Dr. Shroff Discusses Molecular Profiling in Cholangiocarcinoma

Rachna T. Shroff, MD, MS
Published: Friday, Jan 18, 2019



Rachna T. Shroff, MD, MS, chief, Section of GI Medical Oncology, University of Arizona Cancer Center, discusses the importance of molecular profiling upon diagnosis in patients with cholangiocarcinoma.

There have been a number of exciting developments over the last few years, Shroff says. This new horizon of molecular profiling is changing the landscape and how patients are approached with this disease. However, the majority of patients diagnosed with cholangiocarcinoma present with advanced disease.

Clinical trials and options beyond standard combination chemotherapy have become very important, Shroff says. Investigators have found that 30% to 40% of patients have targetable mutations that can be identified with molecular profiling. Targeted therapies are under investigation to target some of these molecular abnormalities; therefore, it is necessary for patients to have a standard tissue or liquid biopsy sent for molecular profiling at the time of diagnosis, she adds. This way, physicians can determine an optimal treatment sequence.

View more from the 2019 Gastrointestinal Cancers Symposium


Rachna T. Shroff, MD, MS, chief, Section of GI Medical Oncology, University of Arizona Cancer Center, discusses the importance of molecular profiling upon diagnosis in patients with cholangiocarcinoma.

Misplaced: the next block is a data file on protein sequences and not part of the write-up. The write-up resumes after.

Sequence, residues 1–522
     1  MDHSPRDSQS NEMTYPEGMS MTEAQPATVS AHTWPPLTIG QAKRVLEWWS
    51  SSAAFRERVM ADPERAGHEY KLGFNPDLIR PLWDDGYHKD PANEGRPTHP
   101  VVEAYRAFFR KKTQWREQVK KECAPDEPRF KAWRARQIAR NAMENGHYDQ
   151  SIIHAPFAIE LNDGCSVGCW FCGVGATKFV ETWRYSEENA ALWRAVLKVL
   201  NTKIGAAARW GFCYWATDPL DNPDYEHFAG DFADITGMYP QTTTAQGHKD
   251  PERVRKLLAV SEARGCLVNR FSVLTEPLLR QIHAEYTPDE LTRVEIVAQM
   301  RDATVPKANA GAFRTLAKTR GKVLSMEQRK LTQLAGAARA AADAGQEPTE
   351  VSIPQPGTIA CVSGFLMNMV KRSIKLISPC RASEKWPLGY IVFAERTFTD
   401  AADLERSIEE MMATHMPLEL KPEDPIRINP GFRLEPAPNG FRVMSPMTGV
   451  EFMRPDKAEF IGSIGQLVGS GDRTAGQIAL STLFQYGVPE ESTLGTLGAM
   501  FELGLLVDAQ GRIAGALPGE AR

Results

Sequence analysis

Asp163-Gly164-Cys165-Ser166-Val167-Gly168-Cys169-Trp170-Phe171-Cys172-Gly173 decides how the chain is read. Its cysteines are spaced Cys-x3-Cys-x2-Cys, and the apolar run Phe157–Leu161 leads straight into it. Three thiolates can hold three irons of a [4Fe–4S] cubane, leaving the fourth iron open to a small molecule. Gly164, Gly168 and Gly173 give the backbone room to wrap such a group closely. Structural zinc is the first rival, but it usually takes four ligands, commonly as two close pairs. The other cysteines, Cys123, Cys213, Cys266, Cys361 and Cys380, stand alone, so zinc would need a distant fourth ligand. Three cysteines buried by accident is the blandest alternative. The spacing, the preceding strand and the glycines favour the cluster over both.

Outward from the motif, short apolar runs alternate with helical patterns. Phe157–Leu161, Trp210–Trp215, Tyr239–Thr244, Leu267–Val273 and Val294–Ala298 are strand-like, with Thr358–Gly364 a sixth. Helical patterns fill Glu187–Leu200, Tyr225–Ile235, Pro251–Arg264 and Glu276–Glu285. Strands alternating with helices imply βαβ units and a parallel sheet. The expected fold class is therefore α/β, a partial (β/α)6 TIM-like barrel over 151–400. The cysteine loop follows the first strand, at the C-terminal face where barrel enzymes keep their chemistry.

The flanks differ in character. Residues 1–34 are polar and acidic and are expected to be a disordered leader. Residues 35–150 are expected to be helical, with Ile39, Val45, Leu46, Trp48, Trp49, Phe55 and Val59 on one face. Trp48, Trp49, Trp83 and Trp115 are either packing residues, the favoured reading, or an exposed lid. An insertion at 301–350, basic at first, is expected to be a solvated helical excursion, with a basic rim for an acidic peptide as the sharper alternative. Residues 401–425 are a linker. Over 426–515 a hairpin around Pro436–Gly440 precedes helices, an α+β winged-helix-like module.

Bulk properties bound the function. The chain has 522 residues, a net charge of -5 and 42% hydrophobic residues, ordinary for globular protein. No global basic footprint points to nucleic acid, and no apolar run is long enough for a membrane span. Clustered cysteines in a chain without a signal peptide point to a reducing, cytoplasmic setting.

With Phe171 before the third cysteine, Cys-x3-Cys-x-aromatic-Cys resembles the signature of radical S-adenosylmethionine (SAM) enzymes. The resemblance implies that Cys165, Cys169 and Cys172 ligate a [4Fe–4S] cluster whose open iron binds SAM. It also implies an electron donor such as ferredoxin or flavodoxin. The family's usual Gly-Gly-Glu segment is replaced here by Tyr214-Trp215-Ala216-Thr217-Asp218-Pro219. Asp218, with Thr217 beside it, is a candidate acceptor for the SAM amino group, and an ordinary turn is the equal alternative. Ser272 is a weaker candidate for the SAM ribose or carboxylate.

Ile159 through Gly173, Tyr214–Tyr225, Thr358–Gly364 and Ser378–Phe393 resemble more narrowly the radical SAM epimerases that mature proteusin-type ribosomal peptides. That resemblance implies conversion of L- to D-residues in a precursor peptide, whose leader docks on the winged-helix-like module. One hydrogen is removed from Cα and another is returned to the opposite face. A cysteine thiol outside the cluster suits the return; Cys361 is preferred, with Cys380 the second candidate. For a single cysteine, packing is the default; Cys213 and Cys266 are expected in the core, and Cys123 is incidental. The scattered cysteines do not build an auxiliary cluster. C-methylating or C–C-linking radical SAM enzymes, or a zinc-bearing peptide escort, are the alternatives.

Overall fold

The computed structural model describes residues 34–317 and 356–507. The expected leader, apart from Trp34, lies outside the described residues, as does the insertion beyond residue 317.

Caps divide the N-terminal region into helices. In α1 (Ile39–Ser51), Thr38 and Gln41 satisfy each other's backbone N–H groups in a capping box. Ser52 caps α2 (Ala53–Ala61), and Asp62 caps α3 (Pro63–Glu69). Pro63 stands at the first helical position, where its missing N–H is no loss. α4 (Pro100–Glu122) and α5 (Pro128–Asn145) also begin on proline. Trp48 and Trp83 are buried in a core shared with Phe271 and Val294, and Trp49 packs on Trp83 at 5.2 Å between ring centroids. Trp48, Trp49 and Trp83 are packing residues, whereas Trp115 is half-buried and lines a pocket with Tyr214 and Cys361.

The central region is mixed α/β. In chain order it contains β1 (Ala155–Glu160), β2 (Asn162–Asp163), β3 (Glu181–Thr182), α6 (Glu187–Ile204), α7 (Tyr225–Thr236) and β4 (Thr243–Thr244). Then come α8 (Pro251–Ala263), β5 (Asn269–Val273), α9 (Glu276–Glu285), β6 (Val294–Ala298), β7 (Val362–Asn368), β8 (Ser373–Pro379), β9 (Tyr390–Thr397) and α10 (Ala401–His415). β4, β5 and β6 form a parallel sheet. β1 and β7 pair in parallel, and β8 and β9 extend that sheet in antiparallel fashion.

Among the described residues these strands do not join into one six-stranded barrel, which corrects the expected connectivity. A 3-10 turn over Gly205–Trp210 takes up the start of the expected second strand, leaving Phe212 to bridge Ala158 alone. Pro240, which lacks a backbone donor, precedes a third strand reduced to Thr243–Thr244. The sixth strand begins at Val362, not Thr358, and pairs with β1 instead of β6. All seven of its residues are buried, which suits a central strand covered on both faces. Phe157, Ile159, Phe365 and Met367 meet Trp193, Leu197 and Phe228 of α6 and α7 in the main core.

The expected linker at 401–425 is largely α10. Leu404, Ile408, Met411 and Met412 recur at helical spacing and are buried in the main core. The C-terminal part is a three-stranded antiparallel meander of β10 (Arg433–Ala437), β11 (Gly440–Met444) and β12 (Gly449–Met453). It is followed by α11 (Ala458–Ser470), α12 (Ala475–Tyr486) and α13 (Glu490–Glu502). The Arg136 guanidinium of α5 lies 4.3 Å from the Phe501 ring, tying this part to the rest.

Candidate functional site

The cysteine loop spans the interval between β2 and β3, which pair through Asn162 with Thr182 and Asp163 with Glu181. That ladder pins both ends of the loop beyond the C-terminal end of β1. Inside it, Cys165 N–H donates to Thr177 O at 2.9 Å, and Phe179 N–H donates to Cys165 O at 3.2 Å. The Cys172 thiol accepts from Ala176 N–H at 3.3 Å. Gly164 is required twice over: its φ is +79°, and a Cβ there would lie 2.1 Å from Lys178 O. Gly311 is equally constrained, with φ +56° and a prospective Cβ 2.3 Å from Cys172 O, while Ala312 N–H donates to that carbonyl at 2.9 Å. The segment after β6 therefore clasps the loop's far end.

There have been a number of exciting developments over the last few years, Shroff says. This new horizon of molecular profiling is changing the landscape and how patients are approached with this disease. However, the majority of patients diagnosed with cholangiocarcinoma present with advanced disease.

Clinical trials and options beyond standard combination chemotherapy have become very important, Shroff says. Investigators have found that 30% to 40% of patients have targetable mutations that can be identified with molecular profiling. Targeted therapies are under investigation to target some of these molecular abnormalities; therefore, it is necessary for patients to have a standard tissue or liquid biopsy sent for molecular profiling at the time of diagnosis, she adds. This way, physicians can determine an optimal treatment sequence.

View more from the 2019 Gastrointestinal Cancers Symposium

View Conference Coverage
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TitleExpiration DateCME Credits
Community Practice Connections™: Advancing the Treatment of Bladder Cancers Using Evidence-Based Immuno-Oncology StrategiesJul 30, 20191.0
Medical Crossfire®: Where Are We Headed in the Treatment of Triple-Negative Breast Cancer?Jul 31, 20191.5
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